UK economic activity contracted at its fastest pace in nearly two years, suggesting that the country has fallen into a recession during a period of political uncertainty and high energy and borrowing costs.
The S&P Global/Cips flash UK composite output index, a measure of activity in the private sector, dropped to a 21-month low of 47.1 in October from 49.1 in September.
This is the third consecutive reading under 50, which indicates a majority of businesses reporting a contraction in activity, and is below the 48.1 by economist polled by Reuters.
The gloomy outlook comes during a period of political turmoil in the UK, with candidates battling for the leadership of the ruling Conservative party after Liz Truss was deposed last week.
Chris Williamson, chief business economist at S&P Global Market Intelligence, said that October’s flash PMI data showed “the pace of economic decline gathering momentum” after the recent political and financial market upheavals.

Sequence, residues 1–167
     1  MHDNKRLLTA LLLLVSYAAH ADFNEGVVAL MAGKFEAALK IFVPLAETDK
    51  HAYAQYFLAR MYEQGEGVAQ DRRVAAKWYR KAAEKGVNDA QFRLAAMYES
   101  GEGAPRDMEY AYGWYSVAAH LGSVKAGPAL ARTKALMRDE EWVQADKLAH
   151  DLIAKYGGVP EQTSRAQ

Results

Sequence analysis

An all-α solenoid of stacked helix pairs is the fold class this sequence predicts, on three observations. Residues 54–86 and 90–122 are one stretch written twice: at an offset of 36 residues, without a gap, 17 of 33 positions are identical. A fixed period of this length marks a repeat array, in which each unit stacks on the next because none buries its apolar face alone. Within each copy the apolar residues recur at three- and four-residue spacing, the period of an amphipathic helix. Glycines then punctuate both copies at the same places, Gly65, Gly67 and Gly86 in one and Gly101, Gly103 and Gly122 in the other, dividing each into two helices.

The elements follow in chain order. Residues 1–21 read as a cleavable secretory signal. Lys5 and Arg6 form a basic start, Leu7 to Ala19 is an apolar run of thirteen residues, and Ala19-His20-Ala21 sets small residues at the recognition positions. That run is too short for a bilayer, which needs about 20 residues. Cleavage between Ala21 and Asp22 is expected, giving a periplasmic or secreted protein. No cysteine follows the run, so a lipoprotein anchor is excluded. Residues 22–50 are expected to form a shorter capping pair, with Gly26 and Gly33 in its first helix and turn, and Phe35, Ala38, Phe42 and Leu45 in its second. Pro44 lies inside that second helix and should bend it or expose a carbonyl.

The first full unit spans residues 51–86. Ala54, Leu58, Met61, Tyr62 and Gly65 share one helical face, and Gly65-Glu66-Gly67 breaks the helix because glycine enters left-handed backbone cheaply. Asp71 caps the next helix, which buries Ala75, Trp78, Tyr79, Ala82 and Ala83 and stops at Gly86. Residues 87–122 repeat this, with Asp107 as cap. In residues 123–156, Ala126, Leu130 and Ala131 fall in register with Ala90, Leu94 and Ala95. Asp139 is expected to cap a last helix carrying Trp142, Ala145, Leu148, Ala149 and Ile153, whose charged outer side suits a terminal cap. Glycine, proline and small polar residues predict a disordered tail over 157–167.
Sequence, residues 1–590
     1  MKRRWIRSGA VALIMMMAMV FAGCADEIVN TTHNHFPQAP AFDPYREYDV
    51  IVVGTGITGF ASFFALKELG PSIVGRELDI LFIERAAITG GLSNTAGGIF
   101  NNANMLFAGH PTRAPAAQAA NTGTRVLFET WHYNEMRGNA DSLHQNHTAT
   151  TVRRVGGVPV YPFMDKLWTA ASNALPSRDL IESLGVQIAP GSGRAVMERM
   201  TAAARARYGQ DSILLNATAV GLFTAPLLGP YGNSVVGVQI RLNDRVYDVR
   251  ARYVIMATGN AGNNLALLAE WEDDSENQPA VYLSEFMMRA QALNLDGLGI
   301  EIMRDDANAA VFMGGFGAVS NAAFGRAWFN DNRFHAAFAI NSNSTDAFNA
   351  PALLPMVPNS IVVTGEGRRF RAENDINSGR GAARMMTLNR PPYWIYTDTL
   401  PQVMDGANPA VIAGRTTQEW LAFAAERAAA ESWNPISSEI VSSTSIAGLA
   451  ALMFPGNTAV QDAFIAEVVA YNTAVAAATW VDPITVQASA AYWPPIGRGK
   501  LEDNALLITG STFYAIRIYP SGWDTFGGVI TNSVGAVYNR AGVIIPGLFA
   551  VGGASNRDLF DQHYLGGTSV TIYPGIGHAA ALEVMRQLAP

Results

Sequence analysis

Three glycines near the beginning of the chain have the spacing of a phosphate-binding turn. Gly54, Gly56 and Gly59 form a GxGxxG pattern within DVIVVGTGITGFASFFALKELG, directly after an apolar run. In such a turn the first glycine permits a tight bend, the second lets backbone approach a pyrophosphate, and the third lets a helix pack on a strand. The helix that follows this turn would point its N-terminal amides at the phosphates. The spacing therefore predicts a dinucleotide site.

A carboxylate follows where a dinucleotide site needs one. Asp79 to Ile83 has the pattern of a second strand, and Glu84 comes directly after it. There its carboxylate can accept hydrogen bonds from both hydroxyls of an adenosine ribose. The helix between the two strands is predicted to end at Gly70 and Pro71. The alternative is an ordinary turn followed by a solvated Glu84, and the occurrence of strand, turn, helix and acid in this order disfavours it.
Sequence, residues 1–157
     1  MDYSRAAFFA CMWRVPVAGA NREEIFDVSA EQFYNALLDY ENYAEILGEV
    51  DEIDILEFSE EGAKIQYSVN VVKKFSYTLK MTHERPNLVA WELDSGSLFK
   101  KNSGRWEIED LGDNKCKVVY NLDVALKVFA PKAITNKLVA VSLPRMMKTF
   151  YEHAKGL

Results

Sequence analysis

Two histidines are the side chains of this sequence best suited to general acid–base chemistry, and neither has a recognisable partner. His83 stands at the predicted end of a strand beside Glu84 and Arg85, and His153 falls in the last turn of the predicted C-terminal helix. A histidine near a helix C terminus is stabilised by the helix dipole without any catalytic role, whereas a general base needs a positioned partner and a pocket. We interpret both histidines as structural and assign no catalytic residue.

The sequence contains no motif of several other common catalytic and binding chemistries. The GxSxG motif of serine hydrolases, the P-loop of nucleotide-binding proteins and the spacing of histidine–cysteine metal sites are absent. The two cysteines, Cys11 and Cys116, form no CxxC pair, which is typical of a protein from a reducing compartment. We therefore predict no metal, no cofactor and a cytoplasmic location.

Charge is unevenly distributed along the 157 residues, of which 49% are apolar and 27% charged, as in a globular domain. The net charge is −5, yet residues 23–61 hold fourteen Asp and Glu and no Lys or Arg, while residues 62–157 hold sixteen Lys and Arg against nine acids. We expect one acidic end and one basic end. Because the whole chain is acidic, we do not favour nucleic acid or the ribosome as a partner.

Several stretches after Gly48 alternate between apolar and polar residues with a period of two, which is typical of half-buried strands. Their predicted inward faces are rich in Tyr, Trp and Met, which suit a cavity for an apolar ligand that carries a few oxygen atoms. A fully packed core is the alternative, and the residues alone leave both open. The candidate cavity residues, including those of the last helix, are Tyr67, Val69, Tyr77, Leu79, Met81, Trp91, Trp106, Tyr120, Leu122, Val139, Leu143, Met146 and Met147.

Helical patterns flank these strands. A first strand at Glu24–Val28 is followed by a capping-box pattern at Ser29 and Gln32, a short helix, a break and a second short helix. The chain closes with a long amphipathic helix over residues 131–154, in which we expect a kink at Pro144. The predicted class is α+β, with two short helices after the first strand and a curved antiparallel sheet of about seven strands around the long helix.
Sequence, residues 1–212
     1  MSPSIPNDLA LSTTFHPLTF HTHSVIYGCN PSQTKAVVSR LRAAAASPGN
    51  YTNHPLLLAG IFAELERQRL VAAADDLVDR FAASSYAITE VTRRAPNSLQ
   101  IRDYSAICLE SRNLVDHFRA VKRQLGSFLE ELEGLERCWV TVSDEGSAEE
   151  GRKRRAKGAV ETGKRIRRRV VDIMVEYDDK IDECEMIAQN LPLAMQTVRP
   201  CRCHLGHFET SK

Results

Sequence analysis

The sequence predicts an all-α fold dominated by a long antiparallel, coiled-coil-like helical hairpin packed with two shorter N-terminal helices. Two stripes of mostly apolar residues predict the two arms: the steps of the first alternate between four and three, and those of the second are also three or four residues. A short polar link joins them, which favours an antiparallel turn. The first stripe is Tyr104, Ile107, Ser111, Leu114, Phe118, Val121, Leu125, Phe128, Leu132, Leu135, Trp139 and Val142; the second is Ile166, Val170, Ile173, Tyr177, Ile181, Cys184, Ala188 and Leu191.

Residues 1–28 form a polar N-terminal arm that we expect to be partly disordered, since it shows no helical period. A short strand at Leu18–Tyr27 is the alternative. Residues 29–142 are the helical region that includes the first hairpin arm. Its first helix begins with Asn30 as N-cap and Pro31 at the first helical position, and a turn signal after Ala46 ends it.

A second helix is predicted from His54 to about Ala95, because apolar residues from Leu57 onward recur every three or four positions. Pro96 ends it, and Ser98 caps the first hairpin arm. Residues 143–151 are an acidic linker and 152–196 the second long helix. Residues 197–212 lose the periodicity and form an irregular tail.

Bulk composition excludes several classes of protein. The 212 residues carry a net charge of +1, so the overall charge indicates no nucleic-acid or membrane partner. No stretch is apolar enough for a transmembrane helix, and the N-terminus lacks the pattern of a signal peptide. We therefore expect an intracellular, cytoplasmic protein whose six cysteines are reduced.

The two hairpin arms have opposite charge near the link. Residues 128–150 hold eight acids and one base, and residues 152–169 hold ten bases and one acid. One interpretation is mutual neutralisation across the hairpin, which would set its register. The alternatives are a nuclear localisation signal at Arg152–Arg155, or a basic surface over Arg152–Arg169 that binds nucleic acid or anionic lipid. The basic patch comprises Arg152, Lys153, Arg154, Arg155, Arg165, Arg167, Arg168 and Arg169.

The economy “therefore looks certain to fall in the fourth quarter after a likely third quarter contraction, meaning the UK is in recession”, he noted.
Adding to signs of weakening underlying demand, new orders decreased at the fastest pace since January 2021, attributed to a downturn in business and consumer confidence in recent months.
UK private sector companies also indicated a fall in business expectations for the year ahead, caused by inflationary pressures, political uncertainty and rising interest rates.
The manufacturing sector remained in a downturn for the third consecutive month, while the services reported the first contraction in 20 months.
Squeezed household budgets, recession concerns and delayed business investment decisions due to political uncertainty were all cited as factors leading to lower output in October, according to the report.